Being single over 30 means doing things alone
I’ve written before about the unique challenges of being single over the age of 30. One aspect I failed to address is that singles over 30 need to get used to doing things alone. Since most of your friends are married, making plans with them is a lot more difficult. When you’re younger, making plans with a friend simply meant picking up the phone and calling (back then we still used phones as phones), and within the hour you were doing something together. At this age, you need to send a Google Calendar meeting invitation weeks in advance.
“Hey, I see that you’re available from 6:00 to 7:00 on the 12th. Do you want to hang out?”
“Sure, but let’s make it 6:00 to 6:50. At 7:00 my wife and I are picking out new candle sets for the living room and I don’t want to be late.”
That means if you want to do something other than sit on the couch petting your dog while you binge watch House of Cards (no spoilers – I’ve only seen Season One!), you’ll have to do some things by yourself. It isn’t easy, though, since from an early age you’re taught that being alone is weird. Let’s face it, you don’t want to be the adult equivalent of the kid sitting in the corner by himself during recess squeezing Elmer’s glue on his fingers so he can peel it off when it dries.
I’ll be honest. I’m just now getting used to eating alone. Generally I’ll get food to-go even if there’s nowhere I need to be, so people don’t see me at a table by myself and wonder.
“Why is he all by himself? Doesn’t he have friends? I bet he’s a serial killer. He looks like a serial killer!”
“He looks normal to me.”
“Exactly! All serial killers look normal; that’s why no one suspects them!”
Nothing can make you feel more pathetic than the question “table for one?” Maybe sometimes you even lie and say a friend is meeting you. Then you have to kill 30 minutes or so pretending to text this imaginary friend on your phone before you tell the server, “My friend couldn’t make it. It’s just me after all.”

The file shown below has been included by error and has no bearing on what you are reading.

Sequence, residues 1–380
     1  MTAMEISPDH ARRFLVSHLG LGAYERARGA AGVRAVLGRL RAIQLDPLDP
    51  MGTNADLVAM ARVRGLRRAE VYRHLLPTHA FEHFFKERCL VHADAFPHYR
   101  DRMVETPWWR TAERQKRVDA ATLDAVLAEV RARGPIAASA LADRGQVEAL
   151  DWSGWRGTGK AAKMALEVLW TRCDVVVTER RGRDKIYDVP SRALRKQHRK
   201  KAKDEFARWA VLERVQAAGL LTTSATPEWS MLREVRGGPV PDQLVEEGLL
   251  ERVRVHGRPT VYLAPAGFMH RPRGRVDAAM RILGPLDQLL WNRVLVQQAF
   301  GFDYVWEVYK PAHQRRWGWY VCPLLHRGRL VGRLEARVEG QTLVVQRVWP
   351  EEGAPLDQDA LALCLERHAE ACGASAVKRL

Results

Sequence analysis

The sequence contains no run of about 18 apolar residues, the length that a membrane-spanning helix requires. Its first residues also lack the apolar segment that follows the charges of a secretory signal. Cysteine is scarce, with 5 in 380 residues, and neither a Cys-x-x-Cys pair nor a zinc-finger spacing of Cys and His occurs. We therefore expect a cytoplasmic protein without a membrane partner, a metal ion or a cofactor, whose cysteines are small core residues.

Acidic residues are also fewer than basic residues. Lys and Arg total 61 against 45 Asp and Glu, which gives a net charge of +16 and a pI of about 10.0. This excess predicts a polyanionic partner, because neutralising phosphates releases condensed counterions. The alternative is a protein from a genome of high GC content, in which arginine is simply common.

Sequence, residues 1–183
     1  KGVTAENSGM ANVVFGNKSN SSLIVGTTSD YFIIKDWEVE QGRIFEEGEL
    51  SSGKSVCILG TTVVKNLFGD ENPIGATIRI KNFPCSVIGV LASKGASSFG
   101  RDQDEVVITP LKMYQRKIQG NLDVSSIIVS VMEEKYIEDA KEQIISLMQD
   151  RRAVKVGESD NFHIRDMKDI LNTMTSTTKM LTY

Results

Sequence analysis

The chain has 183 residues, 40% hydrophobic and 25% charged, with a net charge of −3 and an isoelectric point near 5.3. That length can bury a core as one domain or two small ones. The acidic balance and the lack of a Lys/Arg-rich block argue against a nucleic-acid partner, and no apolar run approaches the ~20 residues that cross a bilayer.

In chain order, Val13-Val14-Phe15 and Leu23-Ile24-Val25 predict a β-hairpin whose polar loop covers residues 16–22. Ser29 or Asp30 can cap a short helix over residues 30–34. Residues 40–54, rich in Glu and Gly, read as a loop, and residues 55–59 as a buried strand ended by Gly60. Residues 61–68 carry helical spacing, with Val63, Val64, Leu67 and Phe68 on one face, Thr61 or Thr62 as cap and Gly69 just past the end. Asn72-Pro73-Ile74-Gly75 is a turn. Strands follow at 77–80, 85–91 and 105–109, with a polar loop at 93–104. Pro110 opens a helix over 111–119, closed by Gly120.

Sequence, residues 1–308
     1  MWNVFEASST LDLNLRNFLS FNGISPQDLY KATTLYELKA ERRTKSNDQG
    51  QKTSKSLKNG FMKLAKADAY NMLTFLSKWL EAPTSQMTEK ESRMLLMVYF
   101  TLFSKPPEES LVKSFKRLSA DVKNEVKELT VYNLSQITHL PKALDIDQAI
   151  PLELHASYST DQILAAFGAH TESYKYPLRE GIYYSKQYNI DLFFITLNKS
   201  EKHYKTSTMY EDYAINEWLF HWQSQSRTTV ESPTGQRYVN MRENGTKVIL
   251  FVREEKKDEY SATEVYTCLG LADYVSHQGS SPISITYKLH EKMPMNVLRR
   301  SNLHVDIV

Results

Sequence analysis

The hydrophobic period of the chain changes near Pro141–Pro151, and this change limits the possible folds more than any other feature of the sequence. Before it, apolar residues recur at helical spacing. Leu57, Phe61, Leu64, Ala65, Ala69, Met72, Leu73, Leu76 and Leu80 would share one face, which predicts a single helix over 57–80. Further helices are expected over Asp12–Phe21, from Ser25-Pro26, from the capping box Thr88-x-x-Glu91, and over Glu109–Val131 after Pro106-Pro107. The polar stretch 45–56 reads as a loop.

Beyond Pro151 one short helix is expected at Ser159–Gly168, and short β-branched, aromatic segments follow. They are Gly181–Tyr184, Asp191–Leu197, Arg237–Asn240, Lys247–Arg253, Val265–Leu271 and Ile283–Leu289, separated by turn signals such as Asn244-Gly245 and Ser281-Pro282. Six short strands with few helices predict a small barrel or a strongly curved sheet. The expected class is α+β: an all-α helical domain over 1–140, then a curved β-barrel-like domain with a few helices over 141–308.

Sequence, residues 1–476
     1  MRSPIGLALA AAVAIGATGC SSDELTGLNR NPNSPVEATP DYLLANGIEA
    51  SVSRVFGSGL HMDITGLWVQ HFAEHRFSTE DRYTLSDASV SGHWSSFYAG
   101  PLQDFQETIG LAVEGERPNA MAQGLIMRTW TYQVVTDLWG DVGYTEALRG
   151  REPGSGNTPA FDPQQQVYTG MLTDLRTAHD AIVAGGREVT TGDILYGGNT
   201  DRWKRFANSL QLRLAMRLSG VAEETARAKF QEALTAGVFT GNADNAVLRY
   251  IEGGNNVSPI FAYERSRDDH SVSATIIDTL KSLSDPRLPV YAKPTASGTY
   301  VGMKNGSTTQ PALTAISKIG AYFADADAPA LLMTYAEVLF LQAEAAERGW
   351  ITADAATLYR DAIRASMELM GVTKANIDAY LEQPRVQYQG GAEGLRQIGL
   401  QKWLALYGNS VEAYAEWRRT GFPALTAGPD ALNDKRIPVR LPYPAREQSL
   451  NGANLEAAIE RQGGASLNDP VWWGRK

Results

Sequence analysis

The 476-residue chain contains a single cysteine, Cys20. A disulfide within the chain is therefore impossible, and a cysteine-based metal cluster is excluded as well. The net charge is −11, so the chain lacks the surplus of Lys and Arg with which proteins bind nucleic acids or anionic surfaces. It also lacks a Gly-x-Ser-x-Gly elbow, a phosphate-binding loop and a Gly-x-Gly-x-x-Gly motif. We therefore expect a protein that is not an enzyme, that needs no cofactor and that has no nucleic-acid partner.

One the other hand, going out to eat with friends can be just as bad. I remember one time recently when I went out for trivia night at a local restaurant with six friends (3 couples). When it came time to pay, the server asked if we all wanted separate checks.
“No,” my friend said. “The two of us are together, those two are together, and those two are together. And Jeremy’s all by himself.”
“Great, I’ll bring your checks.”
“Also, can you bring me another refill,” I asked, “but laced with strychnine?”
I’ve never gone to a movie theater alone, but I imagine such a thing would get you placed on a government watch list. I went to a concert alone once because my friend canceled and I had already committed to reviewing the show for a magazine. The good news is because the music is so loud you can’t really talk to people anyway.
And what about vacations? For families, vacations are a great time to get away, enjoy time off of work, and bond with each other. If you’re over 30 and single, unless you want to be a fifth wheel on someone else’s vacation, you have to go alone. Do you really want to take that many selfies? Henry David Thoreau was so bored on his solo vacation that he wrote a 300-page essay about a pond!
If you don’t want to suffer the fate of Thoreau, you have two options: 1) get married or 2) make more single friends. Of course, making new friends as an adult is a completely different kind of awkward, which I will cover in my next post.
Your Song of the Day: “Grey Room” by Damien Rice